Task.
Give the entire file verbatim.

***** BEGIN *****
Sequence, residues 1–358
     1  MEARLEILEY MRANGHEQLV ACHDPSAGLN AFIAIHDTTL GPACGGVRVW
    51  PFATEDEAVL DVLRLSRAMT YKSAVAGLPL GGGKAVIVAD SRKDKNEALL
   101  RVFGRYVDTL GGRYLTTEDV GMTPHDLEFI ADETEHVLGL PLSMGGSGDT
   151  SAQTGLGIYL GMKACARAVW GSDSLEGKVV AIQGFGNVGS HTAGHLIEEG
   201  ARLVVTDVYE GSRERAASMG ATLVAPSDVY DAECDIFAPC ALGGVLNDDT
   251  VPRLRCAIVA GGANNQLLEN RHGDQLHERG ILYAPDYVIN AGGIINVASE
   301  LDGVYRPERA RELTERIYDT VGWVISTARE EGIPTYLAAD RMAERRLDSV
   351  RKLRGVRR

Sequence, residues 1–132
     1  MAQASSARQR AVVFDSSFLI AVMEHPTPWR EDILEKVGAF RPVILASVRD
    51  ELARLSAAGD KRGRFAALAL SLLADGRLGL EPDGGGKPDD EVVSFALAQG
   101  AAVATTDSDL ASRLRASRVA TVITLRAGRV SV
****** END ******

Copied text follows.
Sequence, residues 1–358
     1  MEARLEILEY MRANGHEQLV ACHDPSAGLN AFIAIHDTTL GPACGGVRVW
    51  PFATEDEAVL DVLRLSRAMT YKSAVAGLPL GGGKAVIVAD SRKDKNEALL
   101  RVFGRYVDTL GGRYLTTEDV GMTPHDLEFI ADETEHVLGL PLSMGGSGDT
   151  SAQTGLGIYL GMKACARAVW GSDSLEGKVV AIQGFGNVGS HTAGHLIEEG
   201  ARLVVTDVYE GSRERAASMG ATLVAPSDVY DAECDIFAPC ALGGVLNDDT
   251  VPRLRCAIVA GGANNQLLEN RHGDQLHERG ILYAPDYVIN AGGIINVASE
   301  LDGVYRPERA RELTERIYDT VGWVISTARE EGIPTYLAAD RMAERRLDSV
   351  RKLRGVRR

Sequence, residues 1–132
     1  MAQASSARQR AVVFDSSFLI AVMEHPTPWR EDILEKVGAF RPVILASVRD
    51  ELARLSAAGD KRGRFAALAL SLLADGRLGL EPDGGGKPDD EVVSFALAQG
   101  AAVATTDSDL ASRLRASRVA TVITLRAGRV SV